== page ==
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Old Faithful's Plumbing Studied to See What Makes Geyser Tick

Image: Old Faithful's Plumbing Studied to See What Makes Geyser Tick

Old Faithful geyser at Yellowstone National Park. (Dreamstime.com)

By    |   Tuesday, 08 Nov 2016 08:07 AM

Old Faithful's plumbing is being studied at Yellowstone National Park to learn more about its subsurface groundwater flow system.

The geyser, discovered in 1870, erupts on average every 74 minutes, but can range from 60-110 minutes, said the Yellowstone National Park website.

The U.S. Geological Survey, the University of Wyoming and Aarhus University in Denmark started conducting electromagnetic and magnetic surveys of the area on Monday using a low-flying helicopter.

Researchers hope to separate zones of cold fresh water, hot saline water, steam, clay, and unaltered rock from each other to gain a better understanding of Yellowstone's hydrothermal systems.

The helicopter flights to be conducted over the next two to four weeks will use an electromagnetic system, resembling a giant hula hoop. The equipment senses and records tiny voltages related to the ground's electrical conductivity.

The Christian Science Monitor said the survey, called HEM, will act like an X-ray for hot water flow, with the ability to distinguish water from rock as deep as 1,500 feet below the surface.

"Nobody knows anything about the flow paths (of hot water)," said U.S. Geological Survey lead scientist Carol Finn said, per The Associated Press. "Does it travel down and back up? Does it travel laterally?"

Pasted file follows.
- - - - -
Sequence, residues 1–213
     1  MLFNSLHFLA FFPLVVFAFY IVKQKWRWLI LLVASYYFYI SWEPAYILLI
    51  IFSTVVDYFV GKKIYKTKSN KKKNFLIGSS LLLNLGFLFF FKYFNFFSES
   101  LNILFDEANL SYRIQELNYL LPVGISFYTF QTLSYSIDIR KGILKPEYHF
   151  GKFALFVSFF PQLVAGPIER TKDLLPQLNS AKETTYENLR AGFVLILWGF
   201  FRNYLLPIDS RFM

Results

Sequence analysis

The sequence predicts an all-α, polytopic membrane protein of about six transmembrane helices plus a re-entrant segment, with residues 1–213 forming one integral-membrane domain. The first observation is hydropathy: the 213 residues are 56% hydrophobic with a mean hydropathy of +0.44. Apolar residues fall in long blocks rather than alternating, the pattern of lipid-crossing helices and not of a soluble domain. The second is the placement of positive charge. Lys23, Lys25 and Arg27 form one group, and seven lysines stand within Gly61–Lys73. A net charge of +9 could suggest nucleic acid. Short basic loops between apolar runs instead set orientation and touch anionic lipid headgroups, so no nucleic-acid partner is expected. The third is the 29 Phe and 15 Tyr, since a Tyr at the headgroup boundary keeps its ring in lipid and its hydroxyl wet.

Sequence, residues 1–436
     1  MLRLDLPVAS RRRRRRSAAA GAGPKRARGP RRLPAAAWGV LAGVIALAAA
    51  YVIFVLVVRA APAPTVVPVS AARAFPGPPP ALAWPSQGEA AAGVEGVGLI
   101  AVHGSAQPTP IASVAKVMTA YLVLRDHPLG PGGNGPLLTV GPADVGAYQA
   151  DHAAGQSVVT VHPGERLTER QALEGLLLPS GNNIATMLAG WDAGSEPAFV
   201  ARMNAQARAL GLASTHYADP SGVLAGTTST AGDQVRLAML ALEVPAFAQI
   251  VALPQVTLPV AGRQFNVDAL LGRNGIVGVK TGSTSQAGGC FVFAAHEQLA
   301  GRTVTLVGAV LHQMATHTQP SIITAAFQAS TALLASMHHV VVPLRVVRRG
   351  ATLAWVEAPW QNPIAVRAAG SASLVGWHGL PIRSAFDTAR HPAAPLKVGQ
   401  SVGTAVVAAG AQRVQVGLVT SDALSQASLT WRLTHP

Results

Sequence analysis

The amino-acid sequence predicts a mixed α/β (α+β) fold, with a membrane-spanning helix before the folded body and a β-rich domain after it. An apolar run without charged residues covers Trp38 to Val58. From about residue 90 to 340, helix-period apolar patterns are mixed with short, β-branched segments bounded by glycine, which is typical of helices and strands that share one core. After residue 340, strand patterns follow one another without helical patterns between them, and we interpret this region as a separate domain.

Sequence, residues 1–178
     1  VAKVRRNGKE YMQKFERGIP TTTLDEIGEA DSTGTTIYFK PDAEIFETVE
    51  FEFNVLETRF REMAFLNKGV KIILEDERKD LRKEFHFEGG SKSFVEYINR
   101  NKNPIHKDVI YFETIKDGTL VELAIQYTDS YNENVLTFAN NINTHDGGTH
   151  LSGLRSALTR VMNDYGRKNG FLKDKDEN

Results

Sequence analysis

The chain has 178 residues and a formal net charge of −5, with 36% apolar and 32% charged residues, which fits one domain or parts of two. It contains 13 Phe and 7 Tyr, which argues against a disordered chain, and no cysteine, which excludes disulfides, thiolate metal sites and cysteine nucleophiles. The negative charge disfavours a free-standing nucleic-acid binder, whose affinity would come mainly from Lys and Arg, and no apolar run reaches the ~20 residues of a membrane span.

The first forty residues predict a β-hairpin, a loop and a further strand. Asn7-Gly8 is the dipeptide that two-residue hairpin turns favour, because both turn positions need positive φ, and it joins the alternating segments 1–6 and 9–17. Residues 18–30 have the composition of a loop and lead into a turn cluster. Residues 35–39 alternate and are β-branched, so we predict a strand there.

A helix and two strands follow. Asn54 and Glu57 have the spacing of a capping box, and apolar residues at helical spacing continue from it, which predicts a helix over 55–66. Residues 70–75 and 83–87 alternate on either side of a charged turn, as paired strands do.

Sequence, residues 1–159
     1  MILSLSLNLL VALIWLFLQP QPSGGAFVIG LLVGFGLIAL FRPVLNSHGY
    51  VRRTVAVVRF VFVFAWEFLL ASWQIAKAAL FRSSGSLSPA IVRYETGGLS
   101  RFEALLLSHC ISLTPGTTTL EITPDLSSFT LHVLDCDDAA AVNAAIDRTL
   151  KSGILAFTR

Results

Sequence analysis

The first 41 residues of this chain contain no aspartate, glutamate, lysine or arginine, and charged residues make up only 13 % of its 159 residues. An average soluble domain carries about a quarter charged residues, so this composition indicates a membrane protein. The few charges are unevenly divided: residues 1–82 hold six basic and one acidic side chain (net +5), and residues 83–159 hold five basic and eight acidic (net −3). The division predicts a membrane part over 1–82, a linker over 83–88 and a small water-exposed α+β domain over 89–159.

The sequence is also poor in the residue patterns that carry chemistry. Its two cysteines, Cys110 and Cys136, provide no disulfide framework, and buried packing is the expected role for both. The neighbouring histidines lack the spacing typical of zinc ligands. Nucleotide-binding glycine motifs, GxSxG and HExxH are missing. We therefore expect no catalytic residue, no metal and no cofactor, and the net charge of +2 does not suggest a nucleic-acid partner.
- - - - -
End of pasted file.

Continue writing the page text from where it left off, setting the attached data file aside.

Finn told The AP that researchers also are hoping to learn more about the irregular, but sometimes massive hydrothermal explosions that occur in the park. One of those explosions happened 13,800 years ago and left a crater that measures 1 1/2 miles across beneath at the bottom of Yellowstone Lake.

"The HEM survey, operated by SkyTEM, will provide the first subsurface view of Yellowstone's hydrothermal systems, tracking the geophysical signatures of geysers, hot springs, mud pots, steam vents and hydrothermal explosion craters to depths in excess of 1,000 feet," said the USGS.

"These observations, combined with existing geophysical, geochemical, geological, and borehole data, will help close a major knowledge gap between the surface hydrothermal systems and the deeper magmatic system."

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Old Faithful's plumbing is being studied at Yellowstone National Park to learn more about its subsurface groundwater flow system.
old faithful, geyser, plumbing, studied
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2016-07-08
Tuesday, 08 Nov 2016 08:07 AM
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